A captivating day in a classical kemençe atelier in Istanbul

Published 10.11.2015 21:16
Updated 10.11.2015 21:22
Photo by Metin Arabacı
Photo by Metin Arabacı

Şeyda Hacızade is one of Turkey's few musical instrument makers who has devoted her life to the classical kemençe. Her workplace in Galata is not small, but composes her entire world

Şeyda Hacızade is a young woman deeply fond of wood. She is also one of Turkey's few female musical instrument makers. As a classical kemençe craftsman, Hacızade, 35, gets behind her stall in her small but endearing workshop in Beyoğlu's Galata quarter and works with great patience and determination every single day. The kemençe is a small three-stringed bowed fiddle originating from the Eastern Mediterranean and regions alongside. She first crossed paths with the kemençe during her university years. Hacızade began making wooden puppets while she was still a student at Mimar Sinan Fine Arts University Department of Theater Decor and Costume. While at university she also wanted to play the violin, and one of her lecturers gave her a one. Later, one day she paid a visit to an instrument making workshop to have her violin fixed, and she was enchanted by the production process of music instruments.

Every day Şeyda Hacızade gets behind her bench in her small but endearing workshop in Beyoğlu's Galata quarter.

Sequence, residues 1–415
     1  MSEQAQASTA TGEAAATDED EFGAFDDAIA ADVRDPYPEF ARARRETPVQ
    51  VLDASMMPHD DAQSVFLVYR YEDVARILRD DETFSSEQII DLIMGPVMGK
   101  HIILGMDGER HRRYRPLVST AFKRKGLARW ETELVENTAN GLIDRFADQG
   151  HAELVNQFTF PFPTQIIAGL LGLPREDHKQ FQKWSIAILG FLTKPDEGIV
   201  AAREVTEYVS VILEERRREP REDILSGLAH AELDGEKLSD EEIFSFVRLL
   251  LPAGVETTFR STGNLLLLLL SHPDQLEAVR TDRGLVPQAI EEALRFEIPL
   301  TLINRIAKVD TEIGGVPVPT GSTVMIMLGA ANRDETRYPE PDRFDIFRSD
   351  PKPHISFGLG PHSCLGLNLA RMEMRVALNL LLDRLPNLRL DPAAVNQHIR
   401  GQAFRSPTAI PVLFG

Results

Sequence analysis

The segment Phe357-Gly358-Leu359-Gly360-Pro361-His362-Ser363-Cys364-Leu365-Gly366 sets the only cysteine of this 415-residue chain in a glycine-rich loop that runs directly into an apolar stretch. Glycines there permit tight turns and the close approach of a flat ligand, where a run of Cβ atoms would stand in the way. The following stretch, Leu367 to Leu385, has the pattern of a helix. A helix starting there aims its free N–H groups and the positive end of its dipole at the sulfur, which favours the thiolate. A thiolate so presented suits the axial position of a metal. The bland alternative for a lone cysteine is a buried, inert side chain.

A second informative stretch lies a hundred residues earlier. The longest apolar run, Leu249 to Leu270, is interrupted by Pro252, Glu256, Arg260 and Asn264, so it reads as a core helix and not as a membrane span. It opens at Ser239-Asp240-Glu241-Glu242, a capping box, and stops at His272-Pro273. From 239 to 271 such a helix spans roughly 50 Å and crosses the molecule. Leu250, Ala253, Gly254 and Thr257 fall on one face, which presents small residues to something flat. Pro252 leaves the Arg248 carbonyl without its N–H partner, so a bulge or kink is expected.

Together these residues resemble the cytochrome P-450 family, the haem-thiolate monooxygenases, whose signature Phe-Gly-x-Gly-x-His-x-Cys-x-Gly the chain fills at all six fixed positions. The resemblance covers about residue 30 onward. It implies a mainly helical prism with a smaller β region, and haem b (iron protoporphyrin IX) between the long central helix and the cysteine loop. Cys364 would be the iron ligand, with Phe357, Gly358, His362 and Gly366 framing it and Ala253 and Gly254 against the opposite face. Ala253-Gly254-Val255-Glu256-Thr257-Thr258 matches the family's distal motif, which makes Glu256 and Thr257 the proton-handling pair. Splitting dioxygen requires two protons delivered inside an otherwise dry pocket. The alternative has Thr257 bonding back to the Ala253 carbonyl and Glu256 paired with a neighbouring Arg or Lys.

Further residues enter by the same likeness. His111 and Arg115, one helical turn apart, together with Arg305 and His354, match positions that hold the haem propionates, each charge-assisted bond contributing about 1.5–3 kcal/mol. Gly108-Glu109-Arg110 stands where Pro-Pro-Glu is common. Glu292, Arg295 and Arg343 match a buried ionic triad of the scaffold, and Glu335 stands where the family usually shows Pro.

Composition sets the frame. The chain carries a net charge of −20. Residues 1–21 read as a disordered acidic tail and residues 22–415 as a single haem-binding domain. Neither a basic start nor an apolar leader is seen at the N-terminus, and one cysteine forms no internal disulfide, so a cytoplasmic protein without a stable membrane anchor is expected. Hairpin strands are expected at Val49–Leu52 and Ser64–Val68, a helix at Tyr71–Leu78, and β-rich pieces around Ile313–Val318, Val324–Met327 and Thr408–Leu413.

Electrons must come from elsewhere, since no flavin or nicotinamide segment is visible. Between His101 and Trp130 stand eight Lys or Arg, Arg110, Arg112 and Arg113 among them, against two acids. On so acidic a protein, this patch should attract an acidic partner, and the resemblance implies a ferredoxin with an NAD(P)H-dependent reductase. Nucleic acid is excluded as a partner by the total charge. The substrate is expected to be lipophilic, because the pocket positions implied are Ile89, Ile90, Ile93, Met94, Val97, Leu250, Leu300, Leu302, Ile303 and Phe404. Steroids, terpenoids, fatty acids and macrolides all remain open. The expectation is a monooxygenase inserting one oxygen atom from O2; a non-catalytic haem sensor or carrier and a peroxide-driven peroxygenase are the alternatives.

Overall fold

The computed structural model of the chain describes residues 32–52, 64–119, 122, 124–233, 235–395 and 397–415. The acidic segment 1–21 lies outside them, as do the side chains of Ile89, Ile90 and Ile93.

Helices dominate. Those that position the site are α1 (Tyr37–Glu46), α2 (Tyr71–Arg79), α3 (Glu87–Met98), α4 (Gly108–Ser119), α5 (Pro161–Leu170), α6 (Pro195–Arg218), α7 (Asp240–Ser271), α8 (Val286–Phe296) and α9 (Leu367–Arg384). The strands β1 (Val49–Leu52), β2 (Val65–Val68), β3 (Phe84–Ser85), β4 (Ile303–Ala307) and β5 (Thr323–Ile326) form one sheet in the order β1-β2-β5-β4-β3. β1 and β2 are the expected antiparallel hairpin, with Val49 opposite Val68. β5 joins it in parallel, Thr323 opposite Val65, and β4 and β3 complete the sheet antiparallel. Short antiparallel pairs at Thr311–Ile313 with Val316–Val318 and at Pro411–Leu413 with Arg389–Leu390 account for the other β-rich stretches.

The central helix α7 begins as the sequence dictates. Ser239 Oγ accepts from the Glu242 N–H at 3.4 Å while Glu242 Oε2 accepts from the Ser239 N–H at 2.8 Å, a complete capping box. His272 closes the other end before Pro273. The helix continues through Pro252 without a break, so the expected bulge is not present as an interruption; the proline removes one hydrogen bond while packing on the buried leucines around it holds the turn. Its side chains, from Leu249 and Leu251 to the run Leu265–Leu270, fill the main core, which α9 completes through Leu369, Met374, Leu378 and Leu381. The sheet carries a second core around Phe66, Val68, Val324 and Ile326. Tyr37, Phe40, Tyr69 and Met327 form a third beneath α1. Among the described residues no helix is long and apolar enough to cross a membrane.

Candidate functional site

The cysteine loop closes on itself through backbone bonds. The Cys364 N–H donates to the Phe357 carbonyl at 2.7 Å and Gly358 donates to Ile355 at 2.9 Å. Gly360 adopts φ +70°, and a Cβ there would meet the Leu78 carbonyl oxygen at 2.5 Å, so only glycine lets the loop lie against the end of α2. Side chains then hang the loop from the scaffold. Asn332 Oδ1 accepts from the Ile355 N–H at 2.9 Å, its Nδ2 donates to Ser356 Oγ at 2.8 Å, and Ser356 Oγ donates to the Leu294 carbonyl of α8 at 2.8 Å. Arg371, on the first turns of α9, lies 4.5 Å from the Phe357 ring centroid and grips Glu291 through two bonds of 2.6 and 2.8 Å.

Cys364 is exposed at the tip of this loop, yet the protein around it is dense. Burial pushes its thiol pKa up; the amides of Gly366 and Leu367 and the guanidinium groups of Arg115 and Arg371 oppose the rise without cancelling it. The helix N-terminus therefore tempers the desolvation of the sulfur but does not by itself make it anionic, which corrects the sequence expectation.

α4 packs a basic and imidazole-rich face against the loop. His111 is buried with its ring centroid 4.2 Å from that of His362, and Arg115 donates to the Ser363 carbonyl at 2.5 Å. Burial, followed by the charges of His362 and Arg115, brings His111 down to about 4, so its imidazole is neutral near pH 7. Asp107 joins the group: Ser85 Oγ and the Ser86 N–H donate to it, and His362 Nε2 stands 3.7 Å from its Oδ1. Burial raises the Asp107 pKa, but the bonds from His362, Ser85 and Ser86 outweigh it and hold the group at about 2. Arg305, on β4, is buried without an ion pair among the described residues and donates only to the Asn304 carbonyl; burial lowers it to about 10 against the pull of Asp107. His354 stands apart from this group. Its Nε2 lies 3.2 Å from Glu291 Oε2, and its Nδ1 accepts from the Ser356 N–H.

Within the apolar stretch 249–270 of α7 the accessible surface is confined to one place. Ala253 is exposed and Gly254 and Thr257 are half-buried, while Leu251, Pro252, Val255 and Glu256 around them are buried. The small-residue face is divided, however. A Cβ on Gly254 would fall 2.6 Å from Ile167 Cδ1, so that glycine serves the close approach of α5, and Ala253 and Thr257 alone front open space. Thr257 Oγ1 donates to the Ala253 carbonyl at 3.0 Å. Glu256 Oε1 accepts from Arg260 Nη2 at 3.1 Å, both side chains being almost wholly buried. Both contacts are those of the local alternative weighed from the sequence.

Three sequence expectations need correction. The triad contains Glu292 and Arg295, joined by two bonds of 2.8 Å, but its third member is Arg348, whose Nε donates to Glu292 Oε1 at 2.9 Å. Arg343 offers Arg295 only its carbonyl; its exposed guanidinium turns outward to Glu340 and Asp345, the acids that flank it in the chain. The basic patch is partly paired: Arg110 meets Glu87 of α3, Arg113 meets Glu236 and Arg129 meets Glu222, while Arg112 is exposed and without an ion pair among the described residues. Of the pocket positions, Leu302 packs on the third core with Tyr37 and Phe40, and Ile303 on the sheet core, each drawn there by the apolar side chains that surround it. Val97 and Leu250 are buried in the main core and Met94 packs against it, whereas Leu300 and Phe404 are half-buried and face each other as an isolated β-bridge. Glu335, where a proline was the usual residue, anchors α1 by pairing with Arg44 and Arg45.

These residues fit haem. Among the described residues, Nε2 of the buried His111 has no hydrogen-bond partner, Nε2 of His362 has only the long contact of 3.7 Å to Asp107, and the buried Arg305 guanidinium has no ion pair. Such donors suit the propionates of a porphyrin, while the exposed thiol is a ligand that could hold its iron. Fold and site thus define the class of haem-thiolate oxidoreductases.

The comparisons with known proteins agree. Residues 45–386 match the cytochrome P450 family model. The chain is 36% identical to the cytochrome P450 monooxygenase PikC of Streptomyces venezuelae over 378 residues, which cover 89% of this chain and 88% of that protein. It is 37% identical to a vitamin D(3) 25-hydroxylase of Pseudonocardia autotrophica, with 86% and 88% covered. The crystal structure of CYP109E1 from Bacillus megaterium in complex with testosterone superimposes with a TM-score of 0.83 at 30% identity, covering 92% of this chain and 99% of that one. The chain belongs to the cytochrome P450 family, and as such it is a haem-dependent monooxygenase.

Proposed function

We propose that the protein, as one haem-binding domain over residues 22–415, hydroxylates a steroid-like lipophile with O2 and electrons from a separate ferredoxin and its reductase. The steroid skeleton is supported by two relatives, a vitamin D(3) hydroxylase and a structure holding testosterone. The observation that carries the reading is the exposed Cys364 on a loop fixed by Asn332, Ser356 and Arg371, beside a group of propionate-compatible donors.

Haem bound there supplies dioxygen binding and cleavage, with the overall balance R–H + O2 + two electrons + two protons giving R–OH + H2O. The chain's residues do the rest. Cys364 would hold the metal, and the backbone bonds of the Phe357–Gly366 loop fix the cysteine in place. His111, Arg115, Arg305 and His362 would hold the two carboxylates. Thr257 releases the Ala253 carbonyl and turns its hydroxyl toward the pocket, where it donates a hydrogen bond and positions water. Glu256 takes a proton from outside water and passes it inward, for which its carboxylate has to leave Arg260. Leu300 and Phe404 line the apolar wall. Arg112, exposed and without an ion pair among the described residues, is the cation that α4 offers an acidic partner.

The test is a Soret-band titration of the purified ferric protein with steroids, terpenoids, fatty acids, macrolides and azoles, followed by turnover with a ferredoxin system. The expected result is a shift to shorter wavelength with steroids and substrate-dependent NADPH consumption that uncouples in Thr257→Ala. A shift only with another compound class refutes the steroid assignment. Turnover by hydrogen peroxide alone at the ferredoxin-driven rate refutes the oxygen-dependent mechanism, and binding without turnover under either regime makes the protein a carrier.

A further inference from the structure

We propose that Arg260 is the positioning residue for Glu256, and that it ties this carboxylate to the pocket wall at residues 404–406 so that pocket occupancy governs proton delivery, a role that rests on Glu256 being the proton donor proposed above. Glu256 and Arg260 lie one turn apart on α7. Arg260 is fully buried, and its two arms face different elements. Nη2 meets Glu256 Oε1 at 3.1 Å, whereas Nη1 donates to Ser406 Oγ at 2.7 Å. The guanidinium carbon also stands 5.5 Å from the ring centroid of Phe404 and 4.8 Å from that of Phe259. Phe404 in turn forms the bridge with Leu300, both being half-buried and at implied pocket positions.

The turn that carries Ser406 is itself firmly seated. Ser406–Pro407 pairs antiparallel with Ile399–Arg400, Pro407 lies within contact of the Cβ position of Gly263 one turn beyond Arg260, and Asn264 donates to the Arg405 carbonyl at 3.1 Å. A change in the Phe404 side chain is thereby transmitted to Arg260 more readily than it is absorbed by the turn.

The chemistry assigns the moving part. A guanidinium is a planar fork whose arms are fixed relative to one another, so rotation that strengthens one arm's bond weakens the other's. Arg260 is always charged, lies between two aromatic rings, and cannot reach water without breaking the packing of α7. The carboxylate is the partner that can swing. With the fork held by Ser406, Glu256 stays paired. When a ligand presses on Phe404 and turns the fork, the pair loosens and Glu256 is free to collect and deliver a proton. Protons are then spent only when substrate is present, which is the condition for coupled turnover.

"I was so influenced by the scene that I told myself I must make my own instruments one day," Hacızade said. Indeed, after a short while she decided to work at the workshop. Upon beginning to work at the workshop, the first thing they gave her was a back body of a kemençe that had not yet been hollowed out. They told her to hollow it out, which she did successfully thanks to her background as a student of puppet making and familiarity with woodwork. However, Hacızade, who was not familiar with the sound of the kemençe since she was trained with a Western education, changed when she heard the kemençe's sound echoing in the workshop. "At first, making a wooden musical instrument was all I wanted, but when I heard the sound of the kemençe, I was enchanted. The steamy sound of the kemençe showed me which musical instrument I must design. This is the reason I began to make classical kemençes," Hacızade said. A year later, she made her way to another workshop to work with ud maker Faruk Türünz, whom she called her mentor. She met Fikret Karakaya and learned how to make kemençes alongside uds. Although she worked various jobs after she graduated from university, she finally managed to open the workshop she had been dreaming of in 2006. She has been making classical kemençes in her little workshop in Galata, Istanbul for the last nine years.